At first glance, this seems like a lot of information, but for a child theme to work, there’s only one field you need to get right: Template. In the example above, you can see we used twentytwentytwo, which is the name of the Twenty Twenty-Two theme’s directory. If you’re using a different theme as a parent, you need to replace that value with the name of its folder (not the theme’s full name).

      You’ll also want to pick a title and description that makes sense for your child theme since you’ll see both within WordPress’ Theme tab. As for the rest of the fields, the values can be replaced with anything you like.

      Moving on, after you’ve set the correct Template value and tweaked the code, you can save the changes to your style.css file and close the text editor. Now, FileZilla will ask you if you want to replace the file on your server with the local copy you just modified. Say Yes, and access your WordPress dashboard. If you look at the Themes tab, you should see a new addition.

      The Theme’s tab in WordPress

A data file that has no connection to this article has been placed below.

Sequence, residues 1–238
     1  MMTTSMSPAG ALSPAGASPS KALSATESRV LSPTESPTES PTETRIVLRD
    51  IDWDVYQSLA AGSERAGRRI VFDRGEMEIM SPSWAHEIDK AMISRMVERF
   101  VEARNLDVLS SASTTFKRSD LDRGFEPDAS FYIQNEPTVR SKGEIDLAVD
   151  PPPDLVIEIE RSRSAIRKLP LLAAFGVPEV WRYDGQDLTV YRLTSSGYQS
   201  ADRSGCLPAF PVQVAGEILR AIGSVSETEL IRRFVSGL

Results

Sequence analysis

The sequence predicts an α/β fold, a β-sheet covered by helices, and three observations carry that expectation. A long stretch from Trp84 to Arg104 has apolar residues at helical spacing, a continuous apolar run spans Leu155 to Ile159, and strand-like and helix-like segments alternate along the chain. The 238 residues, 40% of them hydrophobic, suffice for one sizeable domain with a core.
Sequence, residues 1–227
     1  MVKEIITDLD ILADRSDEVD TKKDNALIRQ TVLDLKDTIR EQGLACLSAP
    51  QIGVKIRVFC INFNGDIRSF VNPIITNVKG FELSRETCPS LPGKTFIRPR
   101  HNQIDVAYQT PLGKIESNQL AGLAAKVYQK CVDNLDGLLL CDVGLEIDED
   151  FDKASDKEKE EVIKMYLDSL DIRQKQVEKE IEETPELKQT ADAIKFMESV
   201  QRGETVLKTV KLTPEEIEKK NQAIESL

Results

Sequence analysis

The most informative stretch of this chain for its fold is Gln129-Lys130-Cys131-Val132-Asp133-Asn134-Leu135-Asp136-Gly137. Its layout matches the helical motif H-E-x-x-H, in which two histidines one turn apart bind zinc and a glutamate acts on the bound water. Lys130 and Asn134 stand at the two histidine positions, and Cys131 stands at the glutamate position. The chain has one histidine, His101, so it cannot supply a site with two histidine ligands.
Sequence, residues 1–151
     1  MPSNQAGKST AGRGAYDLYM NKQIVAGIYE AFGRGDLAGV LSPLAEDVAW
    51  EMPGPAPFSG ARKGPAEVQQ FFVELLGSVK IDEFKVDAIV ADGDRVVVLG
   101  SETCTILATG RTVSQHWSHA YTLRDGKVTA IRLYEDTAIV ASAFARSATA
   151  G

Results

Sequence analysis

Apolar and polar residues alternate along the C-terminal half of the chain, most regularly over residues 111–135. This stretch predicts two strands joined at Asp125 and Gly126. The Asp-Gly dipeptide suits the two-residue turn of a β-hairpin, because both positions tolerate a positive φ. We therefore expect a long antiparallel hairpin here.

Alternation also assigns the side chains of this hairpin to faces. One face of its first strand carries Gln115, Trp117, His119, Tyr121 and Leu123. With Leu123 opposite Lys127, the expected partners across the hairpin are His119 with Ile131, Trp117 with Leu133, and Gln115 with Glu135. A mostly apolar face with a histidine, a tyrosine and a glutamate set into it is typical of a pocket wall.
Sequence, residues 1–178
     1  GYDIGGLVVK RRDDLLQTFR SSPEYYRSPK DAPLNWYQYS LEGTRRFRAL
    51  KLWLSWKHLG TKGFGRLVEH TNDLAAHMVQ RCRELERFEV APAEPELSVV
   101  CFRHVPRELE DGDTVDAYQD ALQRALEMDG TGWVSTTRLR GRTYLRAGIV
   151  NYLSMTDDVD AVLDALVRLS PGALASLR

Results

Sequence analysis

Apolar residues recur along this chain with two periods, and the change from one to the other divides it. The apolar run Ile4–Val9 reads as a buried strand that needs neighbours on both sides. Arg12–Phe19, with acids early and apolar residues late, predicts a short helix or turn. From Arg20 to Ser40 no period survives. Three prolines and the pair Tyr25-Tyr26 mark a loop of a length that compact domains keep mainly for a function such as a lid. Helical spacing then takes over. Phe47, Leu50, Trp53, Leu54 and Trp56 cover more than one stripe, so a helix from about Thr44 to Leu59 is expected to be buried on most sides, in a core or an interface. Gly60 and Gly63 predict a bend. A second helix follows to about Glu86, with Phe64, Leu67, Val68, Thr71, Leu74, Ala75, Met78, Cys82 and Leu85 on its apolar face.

3. Configure Your Child Theme to Inherit Its Parent’s Style

      By now, you should have created a folder and style.css file for your new child theme. Within the latter, we included information designating it as a theme. The next step is to make sure your child theme inherits its parent’s style and features.

      To do this, we’re going to use a functions.php file, which enables you to instruct WordPress to add new features. Within that file, we’re going to add a script to “queue up” your parent theme’s stylesheet (not the one we just created). Afterward, your child theme will be ready for you to use.

      To start, return to your child theme’s directory. Inside, create a new file called functions.php, just as you did with style.css during step number two.